Kristin Bauers True Blood Sweatsuit Auctioned To Finance Documentary

first_imgThe Walmart sweatsuit worn by Kristin Bauer on the first episode of True Blood’s fifth season is going under the hammer to help finance the documentary Out for Africa that Kristin and her husband Abri van Straten will shoot in Kenya this summer.Kristin Bauer’s SweatsuitThe actress has been asking fans for donations to help fund a new documentary that looks into the poaching and slaughter of Africa’s majestic animals. She has already raised $64,000, and is hoping the sale of the piece of True Blood’s wardrobe will raise even more.“This year my husband Abri van Straten and I are going to Kenya with a camera crew to see majestic Elephant families and Rhino in their natural habitat and to meet with the real heroes who work tirelessly for the African wildlife to shine a light on the crisis facing Elephants and Rhino due to rampant poaching for the ivory and horn trades to supply the growing Asian market,” she said.Upcoming items for auction are a Sookie modesty patch and bra signed by Anna Paquin and a one of a kind, Authority necklace from the True Blood Costume Department.The sweatsuit is up for auction on eBay until August 30 – you can access the auction here.To find out more about Kristin’s documentary project, click here.last_img read more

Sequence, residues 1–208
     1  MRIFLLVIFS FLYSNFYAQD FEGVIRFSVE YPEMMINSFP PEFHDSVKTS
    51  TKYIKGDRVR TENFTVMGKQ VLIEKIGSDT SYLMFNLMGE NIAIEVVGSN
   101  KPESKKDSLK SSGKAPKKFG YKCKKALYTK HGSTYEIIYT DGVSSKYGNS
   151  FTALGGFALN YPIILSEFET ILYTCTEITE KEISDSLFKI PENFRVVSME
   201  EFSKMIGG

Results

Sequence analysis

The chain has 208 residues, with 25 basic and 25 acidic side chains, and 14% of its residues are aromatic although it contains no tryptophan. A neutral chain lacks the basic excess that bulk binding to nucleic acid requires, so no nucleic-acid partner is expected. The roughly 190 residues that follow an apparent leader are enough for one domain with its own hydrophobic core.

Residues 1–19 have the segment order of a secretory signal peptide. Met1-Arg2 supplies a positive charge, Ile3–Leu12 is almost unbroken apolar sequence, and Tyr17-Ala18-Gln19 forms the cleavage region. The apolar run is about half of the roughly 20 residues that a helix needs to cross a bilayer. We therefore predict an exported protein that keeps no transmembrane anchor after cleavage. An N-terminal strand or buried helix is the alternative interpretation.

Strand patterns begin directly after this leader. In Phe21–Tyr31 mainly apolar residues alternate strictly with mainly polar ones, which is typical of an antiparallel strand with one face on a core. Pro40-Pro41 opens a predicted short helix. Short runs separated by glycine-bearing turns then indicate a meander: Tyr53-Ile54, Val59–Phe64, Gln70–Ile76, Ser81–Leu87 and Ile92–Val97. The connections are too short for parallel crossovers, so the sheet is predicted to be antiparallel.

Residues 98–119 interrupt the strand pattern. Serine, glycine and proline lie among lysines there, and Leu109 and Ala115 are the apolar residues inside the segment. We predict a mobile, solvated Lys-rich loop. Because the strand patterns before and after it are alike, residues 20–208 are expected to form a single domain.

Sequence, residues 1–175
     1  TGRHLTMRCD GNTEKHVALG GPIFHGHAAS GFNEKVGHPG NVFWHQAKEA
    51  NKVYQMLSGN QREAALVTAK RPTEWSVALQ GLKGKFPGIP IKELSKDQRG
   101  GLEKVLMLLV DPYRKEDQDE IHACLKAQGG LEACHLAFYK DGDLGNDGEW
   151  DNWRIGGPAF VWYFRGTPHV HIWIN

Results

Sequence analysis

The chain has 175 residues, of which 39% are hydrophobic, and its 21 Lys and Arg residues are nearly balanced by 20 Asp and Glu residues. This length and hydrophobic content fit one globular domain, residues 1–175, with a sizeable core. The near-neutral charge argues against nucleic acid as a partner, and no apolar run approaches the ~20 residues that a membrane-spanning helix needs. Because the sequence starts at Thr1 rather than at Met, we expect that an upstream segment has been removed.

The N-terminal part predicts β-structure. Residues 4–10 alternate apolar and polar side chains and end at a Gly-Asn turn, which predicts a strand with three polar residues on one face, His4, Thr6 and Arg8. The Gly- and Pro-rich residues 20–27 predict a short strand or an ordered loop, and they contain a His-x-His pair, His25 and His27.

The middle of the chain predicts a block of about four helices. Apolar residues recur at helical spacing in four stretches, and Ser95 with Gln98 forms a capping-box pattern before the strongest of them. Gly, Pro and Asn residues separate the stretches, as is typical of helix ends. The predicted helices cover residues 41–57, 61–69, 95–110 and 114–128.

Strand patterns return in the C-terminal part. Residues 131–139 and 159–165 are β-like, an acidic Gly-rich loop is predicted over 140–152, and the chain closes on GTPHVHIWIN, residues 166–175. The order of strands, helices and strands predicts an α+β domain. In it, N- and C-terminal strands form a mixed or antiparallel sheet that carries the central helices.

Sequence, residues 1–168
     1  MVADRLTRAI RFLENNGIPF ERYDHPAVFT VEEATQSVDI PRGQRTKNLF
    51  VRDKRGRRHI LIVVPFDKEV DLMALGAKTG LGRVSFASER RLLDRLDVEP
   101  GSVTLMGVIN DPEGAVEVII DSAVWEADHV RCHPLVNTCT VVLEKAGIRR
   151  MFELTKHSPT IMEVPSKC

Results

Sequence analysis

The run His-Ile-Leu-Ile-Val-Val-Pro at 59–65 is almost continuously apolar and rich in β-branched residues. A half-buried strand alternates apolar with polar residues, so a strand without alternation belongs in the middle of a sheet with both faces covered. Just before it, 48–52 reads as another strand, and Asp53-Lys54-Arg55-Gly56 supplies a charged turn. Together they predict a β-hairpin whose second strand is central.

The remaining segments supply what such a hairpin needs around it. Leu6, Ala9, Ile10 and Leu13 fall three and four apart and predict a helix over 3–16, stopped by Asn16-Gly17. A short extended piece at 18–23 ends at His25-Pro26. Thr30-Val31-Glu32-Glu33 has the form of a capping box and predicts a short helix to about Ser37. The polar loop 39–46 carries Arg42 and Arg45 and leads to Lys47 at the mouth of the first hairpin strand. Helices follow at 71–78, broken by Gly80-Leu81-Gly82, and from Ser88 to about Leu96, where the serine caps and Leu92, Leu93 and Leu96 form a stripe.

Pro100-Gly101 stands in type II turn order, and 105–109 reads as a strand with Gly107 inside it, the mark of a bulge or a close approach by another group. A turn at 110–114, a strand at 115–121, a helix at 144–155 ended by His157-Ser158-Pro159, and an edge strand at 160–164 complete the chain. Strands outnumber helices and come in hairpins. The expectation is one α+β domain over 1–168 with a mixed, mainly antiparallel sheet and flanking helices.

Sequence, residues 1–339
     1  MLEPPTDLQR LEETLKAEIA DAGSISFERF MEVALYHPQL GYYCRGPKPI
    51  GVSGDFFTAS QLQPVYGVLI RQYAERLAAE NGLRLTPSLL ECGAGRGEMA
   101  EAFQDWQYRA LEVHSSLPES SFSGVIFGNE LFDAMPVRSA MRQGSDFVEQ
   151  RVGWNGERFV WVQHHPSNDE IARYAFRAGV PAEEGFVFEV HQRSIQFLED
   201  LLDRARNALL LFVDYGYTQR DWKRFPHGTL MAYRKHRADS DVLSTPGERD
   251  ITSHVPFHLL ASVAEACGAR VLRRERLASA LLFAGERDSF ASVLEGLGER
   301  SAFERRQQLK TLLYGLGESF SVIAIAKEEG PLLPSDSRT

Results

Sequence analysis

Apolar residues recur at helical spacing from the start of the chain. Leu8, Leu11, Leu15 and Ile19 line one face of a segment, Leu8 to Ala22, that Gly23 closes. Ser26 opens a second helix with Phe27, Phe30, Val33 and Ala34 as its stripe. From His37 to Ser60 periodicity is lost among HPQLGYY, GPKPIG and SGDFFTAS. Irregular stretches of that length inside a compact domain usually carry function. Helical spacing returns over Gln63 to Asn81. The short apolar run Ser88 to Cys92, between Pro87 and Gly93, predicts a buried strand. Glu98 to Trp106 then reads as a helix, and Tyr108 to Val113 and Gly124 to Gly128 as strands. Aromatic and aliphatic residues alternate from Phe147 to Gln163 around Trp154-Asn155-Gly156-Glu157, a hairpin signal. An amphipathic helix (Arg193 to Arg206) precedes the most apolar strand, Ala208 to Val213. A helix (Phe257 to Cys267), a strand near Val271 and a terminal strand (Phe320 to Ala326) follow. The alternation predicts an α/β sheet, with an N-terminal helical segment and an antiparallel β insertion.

Alberta premier threatens to broaden pipeline dispute with BC

first_imgNotley says if she sees more moves to delay construction, her government will pass legislation to give her the power to reduce the flow of oil and natural gas.In 1980, former Alberta premier Peter Lougheed cut oil exports in his fight with Ottawa over price controls and revenue sharing under the national energy program.The pipeline dispute began earlier this year when B.C. said it would not allow increased oil shipments until it could do more research on spill response. EDMONTON, A.B. – Alberta Premier Rachel Notley is threatening to expand a fight with B.C. over the Trans Mountain pipeline by reducing the amount of oil her province ships.Notley won’t say if she would cut off B.C. or the rest of Canada or both.She says it’s time to focus the country’s attention on lost jobs and reduced revenue due to a pipeline bottleneck.last_img read more